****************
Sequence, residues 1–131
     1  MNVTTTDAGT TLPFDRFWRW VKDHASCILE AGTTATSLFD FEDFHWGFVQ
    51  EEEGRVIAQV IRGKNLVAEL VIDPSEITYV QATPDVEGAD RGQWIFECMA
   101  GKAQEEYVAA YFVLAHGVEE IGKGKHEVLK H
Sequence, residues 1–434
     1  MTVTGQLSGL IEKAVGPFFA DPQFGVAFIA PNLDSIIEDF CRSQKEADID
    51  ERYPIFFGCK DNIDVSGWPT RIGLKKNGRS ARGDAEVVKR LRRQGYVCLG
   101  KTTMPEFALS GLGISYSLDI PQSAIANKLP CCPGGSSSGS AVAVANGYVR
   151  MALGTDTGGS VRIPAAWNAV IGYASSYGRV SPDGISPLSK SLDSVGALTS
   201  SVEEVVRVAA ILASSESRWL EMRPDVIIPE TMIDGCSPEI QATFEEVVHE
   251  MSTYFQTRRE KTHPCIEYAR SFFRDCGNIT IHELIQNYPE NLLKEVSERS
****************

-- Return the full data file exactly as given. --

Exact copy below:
Sequence, residues 1–131
     1  MNVTTTDAGT TLPFDRFWRW VKDHASCILE AGTTATSLFD FEDFHWGFVQ
    51  EEEGRVIAQV IRGKNLVAEL VIDPSEITYV QATPDVEGAD RGQWIFECMA
   101  GKAQEEYVAA YFVLAHGVEE IGKGKHEVLK H
Sequence, residues 1–434
     1  MTVTGQLSGL IEKAVGPFFA DPQFGVAFIA PNLDSIIEDF CRSQKEADID
    51  ERYPIFFGCK DNIDVSGWPT RIGLKKNGRS ARGDAEVVKR LRRQGYVCLG
   101  KTTMPEFALS GLGISYSLDI PQSAIANKLP CCPGGSSSGS AVAVANGYVR
   151  MALGTDTGGS VRIPAAWNAV IGYASSYGRV SPDGISPLSK SLDSVGALTS
   201  SVEEVVRVAA ILASSESRWL EMRPDVIIPE TMIDGCSPEI QATFEEVVHE
   251  MSTYFQTRRE KTHPCIEYAR SFFRDCGNIT IHELIQNYPE NLLKEVSERS